Sony Pictures doesn't want you to know that M. Night Shyamalan directed After Earth. The new sci-fi blockbuster, which stars Will Smith and his son Jaden, hits theaters tomorrow after a marketing campaign that has buried Shyamalan's name so far down that you probably didn't know he had directed it. It is, I imagine, an inauspicious position for Shyamalan — a director who was once widely and hyperbolically hailed as "the next Hitchcock" — to find himself in.
Let's go back to 1999, when Shyamalan first broke into the Hollywood mainstream. He was the writer and director behind the supernatural drama The Sixth Sense, and the screenwriter for the family film Stuart Little. (The Stuart Little script is less remarked upon.) When The Sixth Sense hit theaters in August 1999, the word of mouth was so good that the movie actually grossed more in its second week of release than its first, and it stayed at the top of the U.S. box office for five consecutive weeks, earning $293 million domestically and another $379 million abroad, as well as a nomination for Best Picture.
Anticipation was understandably high for Shyamalan's follow-up, Unbreakable, which reunited Shyamalan with Bruce Willis for a deconstruction of the superhero genre before superheroes took over the modern Hollywood blockbuster. His next film, the spiritual alien-invasion drama Signs, was even more warmly received than Unbreakable, though grumbling about Shyamalan's over-reliance on twists was starting to get louder.
So what happened? It's actually fairly easy to pinpoint the moment when Shyamalan's career began to implode: Jan. 8, 2004, when the Sci-Fi Channel aired a much-hyped three-hour "documentary" called The Buried Secret of M. Night Shyamalan, designed to promote his next film, The Village.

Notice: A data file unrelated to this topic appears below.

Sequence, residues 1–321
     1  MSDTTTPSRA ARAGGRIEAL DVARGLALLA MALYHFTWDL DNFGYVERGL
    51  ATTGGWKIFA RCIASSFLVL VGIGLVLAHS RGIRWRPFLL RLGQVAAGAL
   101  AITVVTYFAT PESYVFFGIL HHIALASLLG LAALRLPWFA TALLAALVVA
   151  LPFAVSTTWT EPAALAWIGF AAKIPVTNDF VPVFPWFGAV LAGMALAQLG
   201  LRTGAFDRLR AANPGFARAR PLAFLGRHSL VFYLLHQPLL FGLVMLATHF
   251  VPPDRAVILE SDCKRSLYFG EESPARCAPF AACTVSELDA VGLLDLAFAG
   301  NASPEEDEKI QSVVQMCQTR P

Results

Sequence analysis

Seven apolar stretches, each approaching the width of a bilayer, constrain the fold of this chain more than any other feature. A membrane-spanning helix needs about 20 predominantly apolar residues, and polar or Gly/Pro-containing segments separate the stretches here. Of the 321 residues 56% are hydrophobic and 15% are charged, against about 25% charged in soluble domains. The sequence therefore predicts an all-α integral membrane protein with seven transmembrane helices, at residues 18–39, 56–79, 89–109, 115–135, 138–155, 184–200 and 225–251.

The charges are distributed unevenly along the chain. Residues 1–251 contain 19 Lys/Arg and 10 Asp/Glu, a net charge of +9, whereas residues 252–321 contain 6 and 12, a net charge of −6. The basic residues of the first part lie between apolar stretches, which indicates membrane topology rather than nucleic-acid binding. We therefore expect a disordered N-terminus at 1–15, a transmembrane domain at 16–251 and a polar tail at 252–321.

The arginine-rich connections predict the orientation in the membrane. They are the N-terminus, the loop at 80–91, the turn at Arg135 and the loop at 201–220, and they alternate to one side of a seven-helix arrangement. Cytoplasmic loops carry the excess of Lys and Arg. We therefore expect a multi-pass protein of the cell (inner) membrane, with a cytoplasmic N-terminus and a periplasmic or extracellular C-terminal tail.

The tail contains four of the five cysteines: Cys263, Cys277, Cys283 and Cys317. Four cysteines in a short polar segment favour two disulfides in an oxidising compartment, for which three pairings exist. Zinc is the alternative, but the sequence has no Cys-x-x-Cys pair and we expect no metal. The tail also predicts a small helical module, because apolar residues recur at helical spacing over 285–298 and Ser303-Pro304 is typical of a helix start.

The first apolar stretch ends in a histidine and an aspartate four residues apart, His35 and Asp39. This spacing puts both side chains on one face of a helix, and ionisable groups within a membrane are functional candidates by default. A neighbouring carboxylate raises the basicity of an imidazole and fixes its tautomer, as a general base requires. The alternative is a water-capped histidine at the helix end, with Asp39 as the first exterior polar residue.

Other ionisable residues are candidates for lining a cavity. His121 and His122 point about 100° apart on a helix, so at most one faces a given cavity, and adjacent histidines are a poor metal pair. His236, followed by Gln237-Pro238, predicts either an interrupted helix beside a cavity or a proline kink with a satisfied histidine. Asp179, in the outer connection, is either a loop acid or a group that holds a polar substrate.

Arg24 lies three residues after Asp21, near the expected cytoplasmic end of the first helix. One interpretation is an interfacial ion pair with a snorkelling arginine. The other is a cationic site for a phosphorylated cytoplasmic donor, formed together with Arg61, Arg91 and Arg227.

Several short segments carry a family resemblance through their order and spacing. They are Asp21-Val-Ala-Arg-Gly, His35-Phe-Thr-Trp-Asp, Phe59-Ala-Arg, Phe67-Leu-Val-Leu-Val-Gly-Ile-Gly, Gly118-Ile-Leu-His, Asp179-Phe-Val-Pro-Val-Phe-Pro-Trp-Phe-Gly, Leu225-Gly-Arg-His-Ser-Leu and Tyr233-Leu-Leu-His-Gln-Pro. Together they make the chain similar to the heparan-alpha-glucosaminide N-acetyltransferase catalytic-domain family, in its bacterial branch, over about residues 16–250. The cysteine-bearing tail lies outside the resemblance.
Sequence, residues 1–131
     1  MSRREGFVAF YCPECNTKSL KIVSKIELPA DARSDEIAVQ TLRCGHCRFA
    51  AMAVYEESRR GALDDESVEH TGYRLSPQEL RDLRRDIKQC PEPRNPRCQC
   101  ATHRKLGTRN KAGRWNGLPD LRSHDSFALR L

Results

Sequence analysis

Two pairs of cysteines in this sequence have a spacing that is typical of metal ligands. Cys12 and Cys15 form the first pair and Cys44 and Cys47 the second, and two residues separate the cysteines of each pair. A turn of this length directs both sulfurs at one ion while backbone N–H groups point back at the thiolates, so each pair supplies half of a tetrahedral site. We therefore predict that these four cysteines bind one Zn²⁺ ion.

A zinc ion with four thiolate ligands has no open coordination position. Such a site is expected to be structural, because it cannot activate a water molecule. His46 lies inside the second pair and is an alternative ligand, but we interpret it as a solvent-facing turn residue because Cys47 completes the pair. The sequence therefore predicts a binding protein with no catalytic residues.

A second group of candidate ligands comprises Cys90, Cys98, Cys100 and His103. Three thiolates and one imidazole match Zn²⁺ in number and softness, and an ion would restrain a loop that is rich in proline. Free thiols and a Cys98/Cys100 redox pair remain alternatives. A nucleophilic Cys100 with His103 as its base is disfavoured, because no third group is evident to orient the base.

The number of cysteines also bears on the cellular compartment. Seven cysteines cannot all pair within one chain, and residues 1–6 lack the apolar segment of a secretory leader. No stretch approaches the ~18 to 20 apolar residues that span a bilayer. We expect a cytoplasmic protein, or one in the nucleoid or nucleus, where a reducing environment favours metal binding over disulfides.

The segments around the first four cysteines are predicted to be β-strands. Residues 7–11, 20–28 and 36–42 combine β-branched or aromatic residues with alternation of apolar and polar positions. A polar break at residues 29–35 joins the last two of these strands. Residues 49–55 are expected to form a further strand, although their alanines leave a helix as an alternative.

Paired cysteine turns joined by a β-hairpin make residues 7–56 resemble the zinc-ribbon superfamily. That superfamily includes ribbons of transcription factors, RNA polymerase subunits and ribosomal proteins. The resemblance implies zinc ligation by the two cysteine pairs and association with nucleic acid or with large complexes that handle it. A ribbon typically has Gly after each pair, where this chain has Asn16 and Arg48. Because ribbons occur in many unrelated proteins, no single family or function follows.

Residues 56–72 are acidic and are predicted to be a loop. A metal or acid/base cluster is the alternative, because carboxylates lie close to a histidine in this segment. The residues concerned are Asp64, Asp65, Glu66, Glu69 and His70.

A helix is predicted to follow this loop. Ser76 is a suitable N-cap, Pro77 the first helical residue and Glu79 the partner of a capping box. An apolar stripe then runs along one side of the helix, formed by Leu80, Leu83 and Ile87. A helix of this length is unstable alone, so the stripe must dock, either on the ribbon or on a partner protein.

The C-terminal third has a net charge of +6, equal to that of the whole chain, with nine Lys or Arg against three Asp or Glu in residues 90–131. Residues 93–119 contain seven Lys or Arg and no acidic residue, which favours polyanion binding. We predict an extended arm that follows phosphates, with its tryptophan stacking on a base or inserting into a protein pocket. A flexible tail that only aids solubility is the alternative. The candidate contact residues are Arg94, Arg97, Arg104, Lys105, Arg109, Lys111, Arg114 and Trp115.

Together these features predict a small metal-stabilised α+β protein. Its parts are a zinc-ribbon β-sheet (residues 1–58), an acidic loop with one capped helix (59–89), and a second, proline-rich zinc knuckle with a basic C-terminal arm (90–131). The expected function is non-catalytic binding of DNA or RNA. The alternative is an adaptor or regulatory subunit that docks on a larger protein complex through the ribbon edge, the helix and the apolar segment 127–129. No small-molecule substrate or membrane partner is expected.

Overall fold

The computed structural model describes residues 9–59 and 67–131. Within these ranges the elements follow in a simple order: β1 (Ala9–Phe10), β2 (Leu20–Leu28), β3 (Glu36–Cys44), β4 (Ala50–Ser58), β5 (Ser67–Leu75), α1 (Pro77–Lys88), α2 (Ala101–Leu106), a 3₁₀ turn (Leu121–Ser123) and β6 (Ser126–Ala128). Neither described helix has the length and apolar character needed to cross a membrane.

"Chapter One: Not All Things Are Tricks," read the grandiose title card at the opening — an unfortunate turn of phrase, since the entire documentary turned out to be a trick, and a bad one. The Buried Secret was both unbearably dull and painfully, obviously fake. The crew had mysterious "technical problems" whenever Shyamalan was around. The "buried secret" itself: that Shyamalan had somehow survived an apparent drowning at age 11 after spending 35 minutes at the bottom of a pond, and that the experience had given him strange and otherworldly powers.
Sci-Fi thought this utterly ridiculous story was intriguing enough to lie to the Associated Press about it, which dutifully issued a report about Shyamalan refusing to participate in the documentary when the questions got "too personal." When the hoax was eventually revealed, network president Bonnie Hammer conceded that Shyamalan had actually been "part of the creation from the very beginning." She explained that The Buried Secret was an attempt to replicate Shyamalan's movies, which make viewers walk away "not knowing what was real or not" — a statement that is patently untrue — but conceded that the viral stunt "probably went one step too far." In an age packed with viral marketing stunts, it's easy to see (and even sympathize with) how the push for The Buried Secret got out of hand.